2. M. Abraham, J. T. Ahlman, A. J. Boudreau, and J. L. Connelly, CPT 2011: Current Procedural Terminology (American Medical Association Press, 2010).
  3. L. A. Yannuzzi, The Retinal Atlas, Har/Psc ED. (Saunders, China, 2010).
  4. D. C. Kalogeromitros, M. P. Makris, X. S. Aggelides, A. I. Mellios, F. C. Giannoula, K. A. Sideri, A. A. Rouvas, and P. G. Theodossiadis, “Allergy skin testing in predicting adverse reactions to fluorescein: a prospective clinical study,” Acta Ophthalmol. (Copenh.)89(5), 480–483 (2011). [CrossRef] [PubMed]
  5. A. S. Kwan, C. Barry, I. L. McAllister, and I. Constable, “Fluorescein angiography and adverse drug reactions revisited: the Lions Eye experience,” Clin. Experiment. Ophthalmol.34(1), 33–38 (2006). [CrossRef] [PubMed]
  6. L. A. Yannuzzi, K. T. Rohrer, L. J. Tindel, R. S. Sobel, M. A. Costanza, W. Shields, and E. Zang, “Fluorescein angiography complication survey,” Ophthalmology93(5), 611–617 (1986). [PubMed]
  7. F. J. Ascaso, M. T. Tiestos, J. Navales, F. Iturbe, A. Palomar, and J. I. Ayala, ““Fatal acute myocardial infarction after intravenous fluorescein angiography,” Retina - J,” Ret. Vit. Dis13, 238–239 (1993).
  8. V. Fineschi, G. Monasterolo, R. Rosi, and E. Turillazzi, “Fatal anaphylactic shock during a fluorescein angiography,” Forensic Sci. Int.100(1-2), 137–142 (1999). [CrossRef] [PubMed]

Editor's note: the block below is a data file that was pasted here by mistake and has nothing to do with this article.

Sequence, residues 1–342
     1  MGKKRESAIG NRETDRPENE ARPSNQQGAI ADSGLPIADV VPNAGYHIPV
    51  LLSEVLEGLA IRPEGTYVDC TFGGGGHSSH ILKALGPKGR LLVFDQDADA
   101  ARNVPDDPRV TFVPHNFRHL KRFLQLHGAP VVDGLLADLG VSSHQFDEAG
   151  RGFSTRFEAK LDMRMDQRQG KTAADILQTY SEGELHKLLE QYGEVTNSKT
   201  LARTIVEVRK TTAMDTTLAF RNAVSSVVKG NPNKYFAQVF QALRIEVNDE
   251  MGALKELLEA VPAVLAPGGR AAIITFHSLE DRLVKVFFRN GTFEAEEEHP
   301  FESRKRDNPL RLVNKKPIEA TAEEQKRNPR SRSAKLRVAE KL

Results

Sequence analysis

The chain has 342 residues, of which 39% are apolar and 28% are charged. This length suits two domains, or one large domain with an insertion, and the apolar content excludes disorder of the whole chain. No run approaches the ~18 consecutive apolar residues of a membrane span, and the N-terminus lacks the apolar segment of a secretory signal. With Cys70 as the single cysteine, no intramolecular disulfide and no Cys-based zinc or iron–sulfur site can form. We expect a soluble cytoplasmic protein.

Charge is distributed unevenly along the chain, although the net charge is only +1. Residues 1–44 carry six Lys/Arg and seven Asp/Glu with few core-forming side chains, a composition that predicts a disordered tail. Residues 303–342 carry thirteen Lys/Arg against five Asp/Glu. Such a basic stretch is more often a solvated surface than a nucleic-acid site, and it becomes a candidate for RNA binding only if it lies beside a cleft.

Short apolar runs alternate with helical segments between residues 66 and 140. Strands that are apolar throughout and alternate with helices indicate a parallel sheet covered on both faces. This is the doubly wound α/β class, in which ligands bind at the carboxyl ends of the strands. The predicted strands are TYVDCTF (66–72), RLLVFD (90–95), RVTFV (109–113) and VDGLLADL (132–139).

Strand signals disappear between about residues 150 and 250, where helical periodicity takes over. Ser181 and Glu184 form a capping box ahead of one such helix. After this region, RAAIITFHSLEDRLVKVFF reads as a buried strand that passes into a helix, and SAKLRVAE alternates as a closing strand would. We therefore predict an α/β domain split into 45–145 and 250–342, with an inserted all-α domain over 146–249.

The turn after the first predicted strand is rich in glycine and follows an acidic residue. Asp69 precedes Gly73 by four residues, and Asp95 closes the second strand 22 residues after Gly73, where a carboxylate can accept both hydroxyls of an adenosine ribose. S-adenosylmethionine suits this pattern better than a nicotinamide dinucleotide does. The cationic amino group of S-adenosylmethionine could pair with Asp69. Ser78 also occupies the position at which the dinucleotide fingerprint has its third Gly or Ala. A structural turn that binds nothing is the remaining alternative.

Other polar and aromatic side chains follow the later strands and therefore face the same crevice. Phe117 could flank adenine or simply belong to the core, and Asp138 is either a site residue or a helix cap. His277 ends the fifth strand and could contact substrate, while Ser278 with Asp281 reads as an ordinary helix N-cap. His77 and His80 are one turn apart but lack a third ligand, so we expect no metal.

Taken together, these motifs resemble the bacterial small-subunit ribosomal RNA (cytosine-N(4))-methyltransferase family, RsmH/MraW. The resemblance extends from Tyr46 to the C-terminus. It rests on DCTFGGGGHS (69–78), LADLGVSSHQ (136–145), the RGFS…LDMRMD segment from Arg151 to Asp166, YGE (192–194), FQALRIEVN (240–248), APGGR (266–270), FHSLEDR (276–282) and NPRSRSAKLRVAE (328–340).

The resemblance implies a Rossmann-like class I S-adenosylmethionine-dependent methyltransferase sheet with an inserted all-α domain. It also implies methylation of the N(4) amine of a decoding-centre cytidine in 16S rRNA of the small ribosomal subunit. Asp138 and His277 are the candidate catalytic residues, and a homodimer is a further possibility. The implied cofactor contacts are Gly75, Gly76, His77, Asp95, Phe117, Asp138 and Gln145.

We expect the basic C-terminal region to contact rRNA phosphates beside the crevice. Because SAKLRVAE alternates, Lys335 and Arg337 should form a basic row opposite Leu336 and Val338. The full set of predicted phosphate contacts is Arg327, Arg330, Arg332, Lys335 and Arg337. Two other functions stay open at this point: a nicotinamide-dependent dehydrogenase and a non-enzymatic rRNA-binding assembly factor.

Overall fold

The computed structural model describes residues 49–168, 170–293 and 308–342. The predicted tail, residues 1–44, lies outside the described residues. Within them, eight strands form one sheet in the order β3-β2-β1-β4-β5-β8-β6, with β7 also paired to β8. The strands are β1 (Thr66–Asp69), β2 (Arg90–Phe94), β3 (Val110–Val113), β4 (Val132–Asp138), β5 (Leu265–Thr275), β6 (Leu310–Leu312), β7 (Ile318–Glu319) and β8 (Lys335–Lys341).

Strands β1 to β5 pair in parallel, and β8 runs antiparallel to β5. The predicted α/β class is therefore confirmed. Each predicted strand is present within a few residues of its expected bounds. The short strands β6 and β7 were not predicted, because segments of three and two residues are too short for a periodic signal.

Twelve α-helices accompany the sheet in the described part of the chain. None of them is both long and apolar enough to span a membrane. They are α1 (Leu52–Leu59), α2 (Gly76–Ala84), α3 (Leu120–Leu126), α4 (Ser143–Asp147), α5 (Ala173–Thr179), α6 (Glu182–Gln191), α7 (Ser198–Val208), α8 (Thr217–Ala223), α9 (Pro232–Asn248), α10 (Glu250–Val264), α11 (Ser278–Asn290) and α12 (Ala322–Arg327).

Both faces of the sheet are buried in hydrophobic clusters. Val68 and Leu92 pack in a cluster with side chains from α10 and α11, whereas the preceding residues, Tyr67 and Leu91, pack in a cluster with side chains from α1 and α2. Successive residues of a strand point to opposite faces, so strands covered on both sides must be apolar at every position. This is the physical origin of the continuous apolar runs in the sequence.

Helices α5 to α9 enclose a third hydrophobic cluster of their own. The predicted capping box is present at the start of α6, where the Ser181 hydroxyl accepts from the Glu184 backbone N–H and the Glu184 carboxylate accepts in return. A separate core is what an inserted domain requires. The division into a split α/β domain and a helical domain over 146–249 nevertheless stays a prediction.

9. J. S. Kelley and M. Kincaid, “Retinal fluorography using oral fluorescein,” Arch. Ophthalmol.97(12), 2331–2332 (1979). [CrossRef] [PubMed]
  10. S. Ghose and B. K. Nayak, “Role of oral fluorescein in the diagnosis of early papilloedema in children,” Br. J. Ophthalmol.71(12), 910–915 (1987). [CrossRef] [PubMed]
  11. F. M. Razvi, E. E. Kritzinger, M. D. Tsaloumas, and R. E. Ryder, “Use of oral fluorescein angiography in the diagnosis of macular oedema within a diabetic retinopathy screening programme,” Diabet. Med.18(12), 1003–1006 (2001). [CrossRef] [PubMed]
  12. D. Squirrell, S. Dinakaran, S. Dhingra, C. Mody, C. Brand, and J. Talbot, “Oral fluorescein angiography with the scanning laser ophthalmoscope in diabetic retinopathy: a case controlled comparison with intravenous fluorescein angiography,” Eye (Lond.)19(4), 411–417 (2005). [CrossRef] [PubMed]
  13. C. R. Garcia, M. E. Rivero, D. U. Bartsch, S. Ishiko, A. Takamiya, K. Fukui, H. Hirokawa, T. Clark, A. Yoshida, and W. R. Freeman, “Oral fluorescein angiography with the confocal scanning laser ophthalmoscope,” Ophthalmology106(6), 1114–1118 (1999). [CrossRef] [PubMed]
  14. F. Gómez-Ulla, A. Malvar, M. Parafita, P. Polo, and I. Seoane, “Oral fluorescein angiography and fluoroscopy: determination of plasma fluorescein levels and clinical application,” Optom. Vis. Sci.69(12), 986–990 (1992). [CrossRef] [PubMed]
  15. A. P. Watson and E. S. Rosen, “Oral fluorescein angiography: reassessment of its relative safety and evaluation of optimum conditions with use of capsules,” Br. J. Ophthalmol.74(8), 458–461 (1990). [CrossRef] [PubMed]